Grant is two years younger than Ingram, with a ton more tread on the tires, and falls somewhere between Cohen and Ingram in terms of stature: Not a big back but big enough to bang inside and a threat to go the distance every time he touches it. In addition to a ton of speed (sub 4.4 wheels) and more than enough receiving prowess (check out what he did to the Steelers in the 2017 divisional round), Grant has some KR experience and could essentially kill a couple birds with one stone for the Bears.
Ravens TE Maxx Williams
The former second-rounder has battled an incredible amount of adversity in his first four seasons yet emerges from Baltimore after his best year and will only be 25 this spring. Granted, Williams' "best year" consisted of 16 catches for 143 yards in 13 games, and his knee issues were at one time thought to be career threatening. But Williams is an asset as a blocker who arrived in the league with the kind of unique athleticism that attracted Pace to Adam Shaheen, almost complete unknown entering Year 3.
Patriots OLB John Simon
A blue-collar edge setter who can provide occasional disruption, Simon worked under Chuck Pagano and Ted Monachino and is fresh off earning his first ring as a Patriot in a part-time role. In addition to that super pedigree and valuable experience and rapport with the Bears defensive staff, Simon is still 28 and should come cheap — a key considering the Bears have nearly $29 million reserved on their cap at OLB next season.
We already wrote about Brian Poole here, and he's either our preference 1A or 1B alongside Briean Boddy-Calhoun, the Browns' 26-year-old restricted free agent who wasn't tendered, meaning he won't cost against the 2020 compensatory formula. BBC is an ascending player who plays with the same kind of tenacity as Callahan but has been more durable. He'd look terrific in-between Kyle Fuller and Prince Amukamara, while allowing the Bears to reap the compensatory benefits of a former UDFA signing a big deal elsewhere.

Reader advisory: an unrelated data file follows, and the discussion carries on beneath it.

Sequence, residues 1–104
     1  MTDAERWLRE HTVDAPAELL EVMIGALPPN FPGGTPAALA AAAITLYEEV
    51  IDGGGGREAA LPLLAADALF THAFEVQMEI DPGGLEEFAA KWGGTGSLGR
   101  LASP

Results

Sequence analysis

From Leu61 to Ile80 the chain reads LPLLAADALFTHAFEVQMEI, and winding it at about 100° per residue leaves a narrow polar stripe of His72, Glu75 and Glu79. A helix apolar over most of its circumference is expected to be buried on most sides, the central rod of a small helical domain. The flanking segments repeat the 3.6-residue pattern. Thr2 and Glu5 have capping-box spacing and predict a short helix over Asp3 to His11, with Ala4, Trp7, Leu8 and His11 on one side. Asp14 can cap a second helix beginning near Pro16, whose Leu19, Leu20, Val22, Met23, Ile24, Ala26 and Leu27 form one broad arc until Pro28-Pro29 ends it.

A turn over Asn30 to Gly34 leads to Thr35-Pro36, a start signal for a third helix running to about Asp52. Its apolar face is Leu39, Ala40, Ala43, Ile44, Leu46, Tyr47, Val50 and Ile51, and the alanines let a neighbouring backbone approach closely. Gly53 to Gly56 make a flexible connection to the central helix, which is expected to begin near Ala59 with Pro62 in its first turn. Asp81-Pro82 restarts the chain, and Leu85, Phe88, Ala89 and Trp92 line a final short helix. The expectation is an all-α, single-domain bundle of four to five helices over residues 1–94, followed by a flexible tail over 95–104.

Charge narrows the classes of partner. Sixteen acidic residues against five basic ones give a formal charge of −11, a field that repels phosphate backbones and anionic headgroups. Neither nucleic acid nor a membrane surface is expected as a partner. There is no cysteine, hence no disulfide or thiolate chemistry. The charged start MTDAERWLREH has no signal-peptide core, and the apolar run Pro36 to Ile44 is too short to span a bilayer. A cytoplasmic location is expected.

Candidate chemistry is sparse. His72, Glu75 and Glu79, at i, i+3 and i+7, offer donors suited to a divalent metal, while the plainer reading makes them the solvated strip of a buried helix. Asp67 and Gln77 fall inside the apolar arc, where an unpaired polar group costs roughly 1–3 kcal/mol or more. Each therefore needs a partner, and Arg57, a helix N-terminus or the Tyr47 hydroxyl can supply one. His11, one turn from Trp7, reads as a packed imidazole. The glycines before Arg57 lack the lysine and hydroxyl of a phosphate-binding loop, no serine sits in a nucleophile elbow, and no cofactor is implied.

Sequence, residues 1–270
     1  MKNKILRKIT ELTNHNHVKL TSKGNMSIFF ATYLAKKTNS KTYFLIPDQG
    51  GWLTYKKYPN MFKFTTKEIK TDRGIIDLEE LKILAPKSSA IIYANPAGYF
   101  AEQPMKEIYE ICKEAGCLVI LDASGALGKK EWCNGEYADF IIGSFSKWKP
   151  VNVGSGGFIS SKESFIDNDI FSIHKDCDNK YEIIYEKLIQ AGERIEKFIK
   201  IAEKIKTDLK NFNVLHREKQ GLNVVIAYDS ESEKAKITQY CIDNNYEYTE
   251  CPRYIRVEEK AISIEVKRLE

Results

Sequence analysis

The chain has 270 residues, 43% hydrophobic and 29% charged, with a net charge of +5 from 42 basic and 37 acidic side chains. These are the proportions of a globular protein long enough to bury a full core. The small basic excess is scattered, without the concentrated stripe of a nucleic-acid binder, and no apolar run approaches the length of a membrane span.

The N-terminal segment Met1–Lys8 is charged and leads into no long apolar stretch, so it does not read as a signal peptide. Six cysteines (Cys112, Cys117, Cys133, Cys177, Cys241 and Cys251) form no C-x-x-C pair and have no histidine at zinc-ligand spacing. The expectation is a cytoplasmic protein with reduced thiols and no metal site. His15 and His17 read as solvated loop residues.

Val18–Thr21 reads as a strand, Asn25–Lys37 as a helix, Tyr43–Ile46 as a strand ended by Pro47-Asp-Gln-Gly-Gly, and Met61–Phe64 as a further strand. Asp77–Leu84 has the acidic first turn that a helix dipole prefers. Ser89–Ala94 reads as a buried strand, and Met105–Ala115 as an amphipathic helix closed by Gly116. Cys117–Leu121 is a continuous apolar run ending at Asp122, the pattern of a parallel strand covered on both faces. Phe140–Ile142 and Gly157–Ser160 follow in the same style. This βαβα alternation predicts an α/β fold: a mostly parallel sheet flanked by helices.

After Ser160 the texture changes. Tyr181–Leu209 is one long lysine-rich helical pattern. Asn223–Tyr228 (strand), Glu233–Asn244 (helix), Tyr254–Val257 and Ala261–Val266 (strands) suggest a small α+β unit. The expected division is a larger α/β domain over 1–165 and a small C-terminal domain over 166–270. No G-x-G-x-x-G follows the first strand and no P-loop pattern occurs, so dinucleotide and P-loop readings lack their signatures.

Again, check out this piece from last month to read about Jonathan Cyprien, who is either 1A or 1B alongside his Titans teammate, Kenny Vaccaro, whom the Saints selected in Round 1 in 2013, Pace's final year in New Orleans. Vaccaro provided an upgrade from Cyprien upon arriving in Nashville during camp last year, starting 13 games and chipping in with two sacks and 4 QB hits in addition to his 58 tackles and five pass breakups (1 INT). Vaccaro is an enforcer whose rugged near-the-line style would sync beautifully with All-Pro ball-hawking FS Eddie Jackson. Vaccaro might be forced to settle for a smaller deal because of the loaded S market, but he will affect next year' compensatory formula, unlike the more limited Cyprien.
Ex-Falcons PK Matt Bryant
Kicking is kinda important, huh? I don't have a good feel for what Bryant's market will be, but we know the Bears will be loathe to shell out much at a position still handcuffed financially by Cody Parkey. However, Bryant turns 44 this spring and dealt with a nagging hamstring last season, costing him three games and perhaps some outside interest this week. If that interest is lukewarm enough in a player who missed only one kick last season and has a ton of clutch conversions over the past few seasons, he's absolutely worth pursuing. Remember: The Falcons cut him, so he doesn't count toward the 2020 compensatory formula, which I clearly believe should play a huge part in Pace's decision making this week.